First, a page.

By Erin Sherbert
By Erin Sherbert
By Leif Haven
By Erin Sherbert
By Chris Roberts
By Kate Conger
By Brian Rinker
By Rachel Swan
Deneuve: De Nerve!
There's a San Francisco lesbian magazine called Deneuve. There's a French actress named Catherine Deneuve. Coincidence?
"It's not named after her," says Deneuve editor Katie Brown. "It's named after our publisher's first girlfriend, back in high school."
But Catherine Deneuve, for one, finds the connection too close for comfort. In an interview in the July 25 issue of The Advocate -- "the national gay and lesbian newsmagazine" -- the actress announced that she is suing Deneuve. "They are trying to bring the magazine to France now, and it is not fair. They are using my name, and my name is a commodity. You cannot do that," she tells interviewer Judy Wieder.
Deneuve (whose flawless, creamy skin is much in evidence in the revival of Luis Bu–uel's 1967 erotic masterpiece Belle de Jour at area cinemas) goes on to say that she is aware that Deneuve says it is not named after her: "They say that it is some friend or lover of something [sic], but that does not matter. Everyone thinks it is me."
Still, Deneuve -- who played a lesbian vampire in The Hunger and who plays a teacher with a crush on a schoolgirl in the upcoming Child of the Night -- doesn't want people to think that she's down on Deneuve because it's a lesbian magazine. "Yes, I know ... lesbians will think I am suing them. It's not true. It does not matter what the product is -- whether it is a perfume or a magazine. My name is a commodity, and you cannot put it on something without my permission. ... I hope people will understand the real issue here," she tells Wieder.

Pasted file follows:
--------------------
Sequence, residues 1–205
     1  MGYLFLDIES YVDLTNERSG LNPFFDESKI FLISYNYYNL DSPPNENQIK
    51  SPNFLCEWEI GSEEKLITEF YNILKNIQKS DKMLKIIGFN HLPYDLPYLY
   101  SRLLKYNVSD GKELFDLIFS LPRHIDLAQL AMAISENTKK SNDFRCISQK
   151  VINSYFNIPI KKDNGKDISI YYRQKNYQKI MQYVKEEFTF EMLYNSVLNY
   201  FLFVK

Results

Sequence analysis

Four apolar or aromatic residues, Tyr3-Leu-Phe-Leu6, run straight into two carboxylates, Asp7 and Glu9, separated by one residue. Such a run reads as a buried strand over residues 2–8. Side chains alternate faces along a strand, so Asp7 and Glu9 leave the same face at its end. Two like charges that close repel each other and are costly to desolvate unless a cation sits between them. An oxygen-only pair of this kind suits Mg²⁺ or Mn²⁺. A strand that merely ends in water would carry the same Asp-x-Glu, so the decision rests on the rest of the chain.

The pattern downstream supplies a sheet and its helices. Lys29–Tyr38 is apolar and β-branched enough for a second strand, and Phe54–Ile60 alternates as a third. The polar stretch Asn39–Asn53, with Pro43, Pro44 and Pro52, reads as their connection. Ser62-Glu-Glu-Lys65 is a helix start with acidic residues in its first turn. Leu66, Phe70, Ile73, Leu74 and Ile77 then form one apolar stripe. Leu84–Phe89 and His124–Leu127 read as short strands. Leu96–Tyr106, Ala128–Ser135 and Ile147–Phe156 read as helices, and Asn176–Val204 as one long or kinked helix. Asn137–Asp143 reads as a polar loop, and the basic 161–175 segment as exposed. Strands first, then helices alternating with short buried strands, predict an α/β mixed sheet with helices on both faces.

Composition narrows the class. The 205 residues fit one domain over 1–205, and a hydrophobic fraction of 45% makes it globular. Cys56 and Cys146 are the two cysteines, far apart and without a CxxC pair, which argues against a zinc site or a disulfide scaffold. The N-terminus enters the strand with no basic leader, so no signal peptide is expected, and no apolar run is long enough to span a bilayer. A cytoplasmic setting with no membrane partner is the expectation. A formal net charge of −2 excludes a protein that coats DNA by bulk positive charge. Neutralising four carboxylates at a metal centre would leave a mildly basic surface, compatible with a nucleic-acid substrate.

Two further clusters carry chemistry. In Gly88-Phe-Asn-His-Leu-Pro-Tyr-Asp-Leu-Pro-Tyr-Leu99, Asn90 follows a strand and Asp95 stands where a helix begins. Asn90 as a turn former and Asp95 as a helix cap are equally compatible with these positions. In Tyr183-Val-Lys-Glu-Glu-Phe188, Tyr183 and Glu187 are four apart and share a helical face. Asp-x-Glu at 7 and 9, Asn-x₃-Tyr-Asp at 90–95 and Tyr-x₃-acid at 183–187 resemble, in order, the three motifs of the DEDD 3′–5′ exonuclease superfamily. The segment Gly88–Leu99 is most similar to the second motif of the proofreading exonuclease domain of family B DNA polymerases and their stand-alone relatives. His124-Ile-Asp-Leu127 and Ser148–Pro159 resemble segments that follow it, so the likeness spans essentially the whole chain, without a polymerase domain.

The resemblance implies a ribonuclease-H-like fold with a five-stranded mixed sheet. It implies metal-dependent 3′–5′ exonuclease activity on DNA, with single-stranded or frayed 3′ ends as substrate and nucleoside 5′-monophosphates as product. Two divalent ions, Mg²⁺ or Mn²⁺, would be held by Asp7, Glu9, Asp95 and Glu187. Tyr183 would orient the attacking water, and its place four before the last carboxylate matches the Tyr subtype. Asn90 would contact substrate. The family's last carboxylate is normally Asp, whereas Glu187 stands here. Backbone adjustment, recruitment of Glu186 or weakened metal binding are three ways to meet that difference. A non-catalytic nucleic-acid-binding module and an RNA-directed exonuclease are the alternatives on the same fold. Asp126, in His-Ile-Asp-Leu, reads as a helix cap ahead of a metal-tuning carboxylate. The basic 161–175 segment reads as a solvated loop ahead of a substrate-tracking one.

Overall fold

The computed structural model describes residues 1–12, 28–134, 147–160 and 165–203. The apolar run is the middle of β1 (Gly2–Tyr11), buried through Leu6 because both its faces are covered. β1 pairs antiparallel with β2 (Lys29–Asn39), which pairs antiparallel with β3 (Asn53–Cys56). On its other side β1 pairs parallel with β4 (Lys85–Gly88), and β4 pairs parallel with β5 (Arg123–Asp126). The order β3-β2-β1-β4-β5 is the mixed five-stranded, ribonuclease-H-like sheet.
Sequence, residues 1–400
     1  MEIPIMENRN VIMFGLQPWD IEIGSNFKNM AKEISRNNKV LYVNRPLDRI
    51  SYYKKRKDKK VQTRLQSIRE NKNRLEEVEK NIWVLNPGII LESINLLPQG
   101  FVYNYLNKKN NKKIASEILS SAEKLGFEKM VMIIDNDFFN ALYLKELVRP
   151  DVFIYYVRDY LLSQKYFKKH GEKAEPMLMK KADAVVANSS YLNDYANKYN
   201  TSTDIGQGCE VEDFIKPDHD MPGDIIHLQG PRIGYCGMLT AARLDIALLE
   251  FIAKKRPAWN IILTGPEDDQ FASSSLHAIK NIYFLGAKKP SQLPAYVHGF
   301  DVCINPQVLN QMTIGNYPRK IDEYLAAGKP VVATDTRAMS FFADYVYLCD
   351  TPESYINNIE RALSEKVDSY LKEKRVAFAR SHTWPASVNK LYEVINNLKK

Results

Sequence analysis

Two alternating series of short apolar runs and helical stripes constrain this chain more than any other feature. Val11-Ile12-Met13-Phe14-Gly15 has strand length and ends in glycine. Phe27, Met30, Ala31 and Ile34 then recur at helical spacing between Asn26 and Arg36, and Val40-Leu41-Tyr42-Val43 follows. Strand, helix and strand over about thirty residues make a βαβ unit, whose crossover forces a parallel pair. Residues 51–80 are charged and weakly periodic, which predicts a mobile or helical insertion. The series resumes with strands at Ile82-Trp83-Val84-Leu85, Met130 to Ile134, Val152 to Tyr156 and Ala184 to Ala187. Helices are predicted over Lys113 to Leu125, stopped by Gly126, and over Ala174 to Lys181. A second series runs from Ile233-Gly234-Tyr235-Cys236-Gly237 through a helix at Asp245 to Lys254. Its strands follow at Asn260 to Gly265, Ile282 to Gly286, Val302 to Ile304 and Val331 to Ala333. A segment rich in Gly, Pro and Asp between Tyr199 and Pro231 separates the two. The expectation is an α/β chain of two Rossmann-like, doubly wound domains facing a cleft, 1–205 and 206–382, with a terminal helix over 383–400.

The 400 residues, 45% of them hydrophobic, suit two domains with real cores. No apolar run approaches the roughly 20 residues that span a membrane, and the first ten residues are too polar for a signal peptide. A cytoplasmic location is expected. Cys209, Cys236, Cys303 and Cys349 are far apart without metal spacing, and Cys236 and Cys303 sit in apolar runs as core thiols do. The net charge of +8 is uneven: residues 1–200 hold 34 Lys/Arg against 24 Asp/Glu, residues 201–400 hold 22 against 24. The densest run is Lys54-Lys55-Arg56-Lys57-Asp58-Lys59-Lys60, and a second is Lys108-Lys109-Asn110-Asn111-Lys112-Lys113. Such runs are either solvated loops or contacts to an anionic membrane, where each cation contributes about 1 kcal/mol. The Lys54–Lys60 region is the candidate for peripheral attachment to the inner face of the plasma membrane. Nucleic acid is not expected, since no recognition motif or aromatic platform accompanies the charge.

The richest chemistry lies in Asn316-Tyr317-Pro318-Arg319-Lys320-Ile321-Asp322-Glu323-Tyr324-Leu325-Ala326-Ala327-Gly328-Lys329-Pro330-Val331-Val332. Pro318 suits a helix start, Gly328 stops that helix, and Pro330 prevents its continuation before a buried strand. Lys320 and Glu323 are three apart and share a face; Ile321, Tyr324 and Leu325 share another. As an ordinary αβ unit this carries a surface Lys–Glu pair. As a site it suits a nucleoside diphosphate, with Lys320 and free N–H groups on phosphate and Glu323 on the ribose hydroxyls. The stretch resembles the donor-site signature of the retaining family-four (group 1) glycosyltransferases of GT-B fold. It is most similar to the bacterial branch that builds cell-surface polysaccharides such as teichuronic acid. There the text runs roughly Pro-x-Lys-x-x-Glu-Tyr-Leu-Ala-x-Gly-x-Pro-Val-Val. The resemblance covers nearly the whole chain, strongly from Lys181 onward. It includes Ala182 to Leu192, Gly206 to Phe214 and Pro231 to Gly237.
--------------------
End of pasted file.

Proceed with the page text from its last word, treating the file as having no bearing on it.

Deneuve isn't commenting. "We're not talking about the lawsuit," editor Brown says.
A Stitch in Timing
Eddie Bauer unveils a flagship store (one of three nationwide) in San Francisco this week, sprawling over four floors and 30,000 square feet of prime Union Square retail space. As part of the opening, the company (a subsidiary of Spiegel, that catalog firm from Chicago) is hyping Bauer's ingenuity in outfitting royalty, movie celebs, and Himalayan mountain climbers with American-made products. The hoopla coincides with "Zoned for Slavery: The Child Behind the Label" -- a tour by two teen-age workers from the maquiladora factories in Central America that mass-produce apparel for the Gap, JCPenney, Wal-Mart ... and Eddie Bauer. As the doors to the new Bauer flagship open Wednesday, Aug. 2, the aforementioned teens will lead a group of supporters from the National Labor Committee in a noontime demonstration outside the Gap headquarters at 1 Harrison. The protest aims to draw attention to the conditions in the maquiladora clothing factories, where, the NLC claims, kids as young as 13 work up to 12 hours a day to produce, among other items, a line of Eddie Bauer pocketed T-shirts. An Eddie Bauer representative says the retailer is "aware of allegations" about the factories and has "initiated an investigation" into possible breaches of company policy.
Until last week, the Union Oil tower (that 191-foot wedge topped with the orange-and-blue "76" that telegraphs the time of day to motorists coming and going on the Bay Bridge) competed with the Bank of America Building as the skyline's biggest eyesore. Now, BofA wants a monopoly on the city's ugly edifices. Having bought the four-story building from which the tower sprouts in Rincon Hill, BofA has petitioned the S.F. Planning Commission for permission to give the monolith a face lift in the form of the bank's blue-and-red corporate logo. If the proposal is approved, commuters will have reminders from all directions of who's running this town.